Taking a cue from the recognized interests of psychoanalysis and historicism in the genre of the anecdote, I will begin with half a story, excerpting from a narrative that is at once historical and apparently psychopathological. Subsequently, I will briefly examine a potentially significant encounter between historicism and psychoanalysis as embodied in the work of Siavoj Žižek in order to suggest an alternative emphasis that adds to Žižek's post-Lacanian/post-Marxist dimension one aspect of the socioanalysis of Pierre Bourdieu. This suggestion is intended to complicate polar alternatives that determine some thinking about the psychoanalysis/historicism opposition-that is, either desire or the economy-with a third, potentially median, term: the field. The argument for the usefulness of this term will be supported by specific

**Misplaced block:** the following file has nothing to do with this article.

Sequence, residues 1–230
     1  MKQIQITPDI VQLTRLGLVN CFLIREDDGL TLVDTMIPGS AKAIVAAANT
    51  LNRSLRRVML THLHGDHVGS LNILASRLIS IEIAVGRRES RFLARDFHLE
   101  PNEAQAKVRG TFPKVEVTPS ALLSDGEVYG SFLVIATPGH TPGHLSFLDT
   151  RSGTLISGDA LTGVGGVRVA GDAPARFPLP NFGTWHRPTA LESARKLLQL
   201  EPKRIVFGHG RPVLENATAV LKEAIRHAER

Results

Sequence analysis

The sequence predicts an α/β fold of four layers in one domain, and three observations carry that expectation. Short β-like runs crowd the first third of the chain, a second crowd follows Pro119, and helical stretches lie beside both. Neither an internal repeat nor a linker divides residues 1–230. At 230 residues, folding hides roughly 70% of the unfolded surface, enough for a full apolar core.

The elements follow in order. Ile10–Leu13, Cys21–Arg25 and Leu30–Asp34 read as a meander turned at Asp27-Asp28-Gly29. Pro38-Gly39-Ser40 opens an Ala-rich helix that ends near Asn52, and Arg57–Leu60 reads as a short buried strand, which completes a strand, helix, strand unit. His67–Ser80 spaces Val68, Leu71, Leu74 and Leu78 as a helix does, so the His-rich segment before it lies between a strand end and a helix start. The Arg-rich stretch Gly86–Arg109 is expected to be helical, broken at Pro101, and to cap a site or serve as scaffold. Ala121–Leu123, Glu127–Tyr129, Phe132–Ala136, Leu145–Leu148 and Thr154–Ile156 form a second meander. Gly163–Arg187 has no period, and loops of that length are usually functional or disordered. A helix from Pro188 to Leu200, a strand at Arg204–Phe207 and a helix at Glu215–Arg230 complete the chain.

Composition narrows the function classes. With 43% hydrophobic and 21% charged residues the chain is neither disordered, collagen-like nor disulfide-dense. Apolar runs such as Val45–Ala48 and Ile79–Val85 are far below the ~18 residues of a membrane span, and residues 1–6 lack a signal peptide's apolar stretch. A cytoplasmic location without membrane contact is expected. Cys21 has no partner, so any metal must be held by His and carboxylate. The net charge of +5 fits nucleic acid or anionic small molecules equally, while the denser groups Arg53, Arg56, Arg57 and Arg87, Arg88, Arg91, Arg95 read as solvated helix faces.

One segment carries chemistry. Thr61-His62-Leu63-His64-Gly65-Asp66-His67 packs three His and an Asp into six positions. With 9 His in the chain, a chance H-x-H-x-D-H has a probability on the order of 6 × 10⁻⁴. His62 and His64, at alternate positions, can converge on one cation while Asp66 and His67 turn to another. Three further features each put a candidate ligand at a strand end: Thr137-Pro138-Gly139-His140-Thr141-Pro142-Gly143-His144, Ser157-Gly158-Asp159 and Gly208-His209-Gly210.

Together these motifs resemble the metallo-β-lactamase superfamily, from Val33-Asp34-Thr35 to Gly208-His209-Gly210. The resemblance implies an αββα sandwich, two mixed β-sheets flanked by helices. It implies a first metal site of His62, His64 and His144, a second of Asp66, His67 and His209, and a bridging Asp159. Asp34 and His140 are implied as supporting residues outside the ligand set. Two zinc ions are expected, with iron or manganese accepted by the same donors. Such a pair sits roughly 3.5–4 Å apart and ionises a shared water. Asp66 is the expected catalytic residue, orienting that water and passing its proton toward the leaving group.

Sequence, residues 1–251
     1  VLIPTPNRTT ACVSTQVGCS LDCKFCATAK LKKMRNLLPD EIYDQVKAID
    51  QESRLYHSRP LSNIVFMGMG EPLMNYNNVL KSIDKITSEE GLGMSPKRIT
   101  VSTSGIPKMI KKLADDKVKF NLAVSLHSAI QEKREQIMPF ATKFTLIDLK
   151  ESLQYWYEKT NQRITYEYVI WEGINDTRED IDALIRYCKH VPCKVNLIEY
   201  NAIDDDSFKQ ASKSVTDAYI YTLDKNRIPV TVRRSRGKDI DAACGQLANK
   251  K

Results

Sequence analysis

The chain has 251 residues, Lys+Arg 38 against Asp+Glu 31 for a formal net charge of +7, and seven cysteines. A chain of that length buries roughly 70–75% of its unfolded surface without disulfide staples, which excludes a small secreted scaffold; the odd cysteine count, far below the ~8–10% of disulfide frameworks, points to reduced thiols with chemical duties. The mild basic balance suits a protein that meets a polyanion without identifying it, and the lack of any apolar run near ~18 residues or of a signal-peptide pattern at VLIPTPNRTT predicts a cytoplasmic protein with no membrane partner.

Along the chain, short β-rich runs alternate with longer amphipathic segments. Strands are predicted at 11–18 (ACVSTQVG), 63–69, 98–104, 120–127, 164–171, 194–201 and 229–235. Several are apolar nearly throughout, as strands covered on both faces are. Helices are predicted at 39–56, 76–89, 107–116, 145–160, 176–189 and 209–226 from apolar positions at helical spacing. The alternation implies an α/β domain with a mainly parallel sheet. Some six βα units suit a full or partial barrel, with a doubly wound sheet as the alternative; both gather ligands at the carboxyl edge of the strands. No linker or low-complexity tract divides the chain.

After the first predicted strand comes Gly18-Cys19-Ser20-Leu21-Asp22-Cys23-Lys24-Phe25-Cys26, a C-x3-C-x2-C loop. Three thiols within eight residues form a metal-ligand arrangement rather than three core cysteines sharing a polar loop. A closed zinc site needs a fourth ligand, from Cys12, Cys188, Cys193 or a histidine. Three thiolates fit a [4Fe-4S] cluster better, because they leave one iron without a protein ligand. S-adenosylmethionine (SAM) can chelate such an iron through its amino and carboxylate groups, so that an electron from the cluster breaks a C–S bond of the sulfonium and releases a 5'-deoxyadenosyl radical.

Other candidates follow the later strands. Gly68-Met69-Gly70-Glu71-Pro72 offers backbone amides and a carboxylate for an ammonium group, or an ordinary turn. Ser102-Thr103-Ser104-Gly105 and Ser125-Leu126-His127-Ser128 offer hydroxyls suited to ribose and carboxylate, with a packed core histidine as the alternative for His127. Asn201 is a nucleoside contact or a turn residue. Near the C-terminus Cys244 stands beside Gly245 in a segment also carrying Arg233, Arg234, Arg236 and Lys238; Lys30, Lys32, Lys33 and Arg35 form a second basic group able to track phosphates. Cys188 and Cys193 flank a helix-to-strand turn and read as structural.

Shakespearean examples suggesting the interpenetration of desire, economy, and social fields upon the site of the body. These examples will include brief instances from Troilus and Cressida, Cymbeline, Coriolanus, Titus Andronicus, and the sonnets.